Why the Eagles passed on trading for receiver DeAndre Hopkins

Why Stephen A. is 'sick to his stomach' for Carson Wentz (1:38)

Stephen A. Smith is upset that Eagles GM Howie Roseman didn't do enough for Carson Wentz by trading for DeAndre Hopkins. (1:38)

PHILADELPHIA -- The Philadelphia Eagles had a chance to acquire star receiver DeAndre Hopkins before he was dealt to the Arizona Cardinals last week, and declined. Now comes the hard part: proving that was the right move.

As ESPN's Adam Schefter first reported, the Eagles and the Houston Texans talked about a potential Hopkins trade, but Philadelphia decided it wasn't the right course of action after adding up all the different elements.

That may seem a tad crazy given that Hopkins would add instant rocket fuel to an offense that slogged its way through much of the 2019 season. The Eagles didn't have a single wideout reach the 500-yard mark last year due to injury and decline in play. They haven't added anyone since free agency opened even with starting slot receiver Nelson Agholor leaving for the Las Vegas Raiders and Alshon Jeffery's future with the team in question. Hopkins, 27, had more receiving yards (1,165) in 2019 than the Eagles' top three receivers combined (1,107). With 31 touchdowns over the past three seasons, he is the exact kind of game-changing playmaker that quarterback Carson Wentz needs to reach his full potential.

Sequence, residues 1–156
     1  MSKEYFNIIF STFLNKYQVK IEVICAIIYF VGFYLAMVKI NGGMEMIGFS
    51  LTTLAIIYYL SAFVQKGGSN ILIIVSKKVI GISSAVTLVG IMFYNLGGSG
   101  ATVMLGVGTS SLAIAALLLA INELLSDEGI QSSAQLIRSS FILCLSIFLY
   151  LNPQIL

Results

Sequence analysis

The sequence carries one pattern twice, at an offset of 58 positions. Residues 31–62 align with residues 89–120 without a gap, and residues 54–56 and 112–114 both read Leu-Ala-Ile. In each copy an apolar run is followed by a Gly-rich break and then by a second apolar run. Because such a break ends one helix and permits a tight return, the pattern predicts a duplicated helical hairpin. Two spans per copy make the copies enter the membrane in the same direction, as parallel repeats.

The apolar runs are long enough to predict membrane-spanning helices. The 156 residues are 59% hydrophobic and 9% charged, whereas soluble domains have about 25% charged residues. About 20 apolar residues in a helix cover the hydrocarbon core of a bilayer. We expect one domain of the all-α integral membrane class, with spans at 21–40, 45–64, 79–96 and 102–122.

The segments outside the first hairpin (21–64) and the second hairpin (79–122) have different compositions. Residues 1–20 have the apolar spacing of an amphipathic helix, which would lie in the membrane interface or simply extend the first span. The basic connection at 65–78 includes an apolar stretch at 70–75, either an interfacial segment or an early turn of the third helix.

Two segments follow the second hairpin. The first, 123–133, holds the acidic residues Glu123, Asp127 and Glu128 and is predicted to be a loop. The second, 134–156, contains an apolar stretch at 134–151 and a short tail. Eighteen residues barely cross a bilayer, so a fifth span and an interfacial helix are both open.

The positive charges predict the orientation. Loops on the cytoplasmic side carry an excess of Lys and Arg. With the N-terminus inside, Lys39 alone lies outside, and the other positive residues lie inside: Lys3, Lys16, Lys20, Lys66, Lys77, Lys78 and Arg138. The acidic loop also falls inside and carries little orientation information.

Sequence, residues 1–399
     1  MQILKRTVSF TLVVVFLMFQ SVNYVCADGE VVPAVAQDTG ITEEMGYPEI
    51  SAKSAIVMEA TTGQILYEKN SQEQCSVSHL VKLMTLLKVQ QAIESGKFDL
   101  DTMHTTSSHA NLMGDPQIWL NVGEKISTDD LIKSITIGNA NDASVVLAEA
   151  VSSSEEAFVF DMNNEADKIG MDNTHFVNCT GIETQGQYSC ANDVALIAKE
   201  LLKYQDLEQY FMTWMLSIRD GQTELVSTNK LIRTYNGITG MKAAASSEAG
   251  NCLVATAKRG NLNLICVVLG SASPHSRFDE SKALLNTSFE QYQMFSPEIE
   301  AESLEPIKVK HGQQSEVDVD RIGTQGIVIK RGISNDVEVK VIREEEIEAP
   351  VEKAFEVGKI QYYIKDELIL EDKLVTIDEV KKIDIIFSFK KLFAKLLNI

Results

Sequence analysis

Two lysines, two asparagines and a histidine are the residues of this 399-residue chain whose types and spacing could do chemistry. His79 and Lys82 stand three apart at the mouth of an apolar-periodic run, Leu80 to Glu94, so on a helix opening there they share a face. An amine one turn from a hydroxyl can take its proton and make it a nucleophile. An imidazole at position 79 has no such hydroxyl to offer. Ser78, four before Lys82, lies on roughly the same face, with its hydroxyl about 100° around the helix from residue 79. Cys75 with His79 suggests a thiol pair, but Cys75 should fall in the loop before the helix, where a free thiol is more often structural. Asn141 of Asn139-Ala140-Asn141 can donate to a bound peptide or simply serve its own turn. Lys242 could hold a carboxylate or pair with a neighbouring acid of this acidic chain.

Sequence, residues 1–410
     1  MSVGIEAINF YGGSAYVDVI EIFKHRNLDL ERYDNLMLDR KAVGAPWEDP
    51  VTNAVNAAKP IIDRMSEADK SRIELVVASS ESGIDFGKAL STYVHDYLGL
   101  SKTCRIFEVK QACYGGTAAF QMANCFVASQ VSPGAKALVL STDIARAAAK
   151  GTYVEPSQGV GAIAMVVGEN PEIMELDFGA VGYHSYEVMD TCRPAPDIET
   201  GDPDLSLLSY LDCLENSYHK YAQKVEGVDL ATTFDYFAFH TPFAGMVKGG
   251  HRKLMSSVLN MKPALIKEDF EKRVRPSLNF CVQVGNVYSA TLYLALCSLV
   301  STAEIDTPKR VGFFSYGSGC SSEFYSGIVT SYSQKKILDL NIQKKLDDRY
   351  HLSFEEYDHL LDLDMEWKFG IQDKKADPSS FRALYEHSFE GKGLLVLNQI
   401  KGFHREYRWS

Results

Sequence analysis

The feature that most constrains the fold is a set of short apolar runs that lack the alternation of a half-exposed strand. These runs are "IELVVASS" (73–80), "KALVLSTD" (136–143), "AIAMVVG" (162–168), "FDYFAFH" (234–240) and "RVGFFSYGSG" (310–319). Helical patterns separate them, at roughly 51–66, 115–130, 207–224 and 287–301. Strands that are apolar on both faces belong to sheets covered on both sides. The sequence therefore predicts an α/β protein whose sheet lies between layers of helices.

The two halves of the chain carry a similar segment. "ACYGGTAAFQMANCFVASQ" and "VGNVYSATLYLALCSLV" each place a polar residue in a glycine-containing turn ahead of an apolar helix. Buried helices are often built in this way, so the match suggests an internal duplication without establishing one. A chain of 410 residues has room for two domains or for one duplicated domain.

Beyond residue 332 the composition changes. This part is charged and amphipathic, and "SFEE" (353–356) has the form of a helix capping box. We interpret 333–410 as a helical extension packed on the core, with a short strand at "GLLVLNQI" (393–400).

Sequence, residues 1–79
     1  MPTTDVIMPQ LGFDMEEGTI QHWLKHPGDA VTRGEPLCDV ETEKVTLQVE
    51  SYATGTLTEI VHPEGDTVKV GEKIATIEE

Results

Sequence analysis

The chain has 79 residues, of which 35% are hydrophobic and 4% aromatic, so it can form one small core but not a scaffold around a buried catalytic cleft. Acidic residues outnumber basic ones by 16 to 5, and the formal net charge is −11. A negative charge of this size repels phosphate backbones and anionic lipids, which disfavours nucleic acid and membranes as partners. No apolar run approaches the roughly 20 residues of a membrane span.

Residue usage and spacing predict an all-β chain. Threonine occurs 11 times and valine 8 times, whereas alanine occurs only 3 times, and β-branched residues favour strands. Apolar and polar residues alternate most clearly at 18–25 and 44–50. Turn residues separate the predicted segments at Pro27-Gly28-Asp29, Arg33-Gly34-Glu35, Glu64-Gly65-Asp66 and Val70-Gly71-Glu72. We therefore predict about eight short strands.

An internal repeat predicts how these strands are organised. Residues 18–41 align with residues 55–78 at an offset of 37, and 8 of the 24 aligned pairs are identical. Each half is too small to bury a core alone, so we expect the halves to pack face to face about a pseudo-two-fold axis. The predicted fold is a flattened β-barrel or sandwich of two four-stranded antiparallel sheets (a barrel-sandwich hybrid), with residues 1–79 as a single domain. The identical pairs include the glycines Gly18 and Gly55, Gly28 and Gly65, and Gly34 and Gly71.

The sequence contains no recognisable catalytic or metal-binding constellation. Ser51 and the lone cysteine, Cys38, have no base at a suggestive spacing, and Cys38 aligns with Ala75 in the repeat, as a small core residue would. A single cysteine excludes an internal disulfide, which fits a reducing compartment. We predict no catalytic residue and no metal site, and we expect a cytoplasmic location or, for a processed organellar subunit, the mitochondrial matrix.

And the asking price proved to be more than reasonable. Houston sent Hopkins and a late-round pick to Arizona for a second-round pick and running back David Johnson, who carries a 2020 cap hit of $10.2 million. The consensus is the Cardinals got a steal.

Sounds great, right? So why didn't the Eagles bite?

For clarity, it's best to zoom the lens out and look at the big picture. The Eagles have more than $125 million of cap space dedicated to their top 10 players, accounting for 67% of their overall cap spending, according to ESPN Roster Management. They need to find ways to balance that with younger, less expensive players who can make an impact on the field.

Like most teams, they believe the 2020 NFL draft class has a wealth of wide receiver talent in it. Whether it's Henry Ruggs, Justin Jefferson, Brandon Aiyuk or another high-ranking wideout, they'll have an opportunity to score a player in the first round (with the No. 21 pick) who has the ability to contribute immediately. Pair one of those budding stars (and, perhaps, a receiver selected later in the draft) with Jackson, Zach Ertz, Dallas Goedert and running back Miles Sanders, and you have the makings of a potent offense.

Plus, there's a catch when it comes to bringing in Hopkins: He's pushing for a new megadeal even though he has three years remaining on his five-year, $81 million contract. Ripping up that deal and giving him a new one would set a precedent the Eagles have long tried to avoid because of the Pandora's box it could open in respect to other players on the roster.

The Eagles are in a different era now that Wentz is being paid big money (a four-year extension he signed last summer for $128 million). As with other teams with a franchise quarterback, their finances are a little tighter and tough decisions need to be made.

All things considered, the Eagles felt this was the right path to take. Now, they need to hit big in the draft in order to ease the sting when watching the inevitable fireworks that Hopkins will be setting off in Arizona this fall.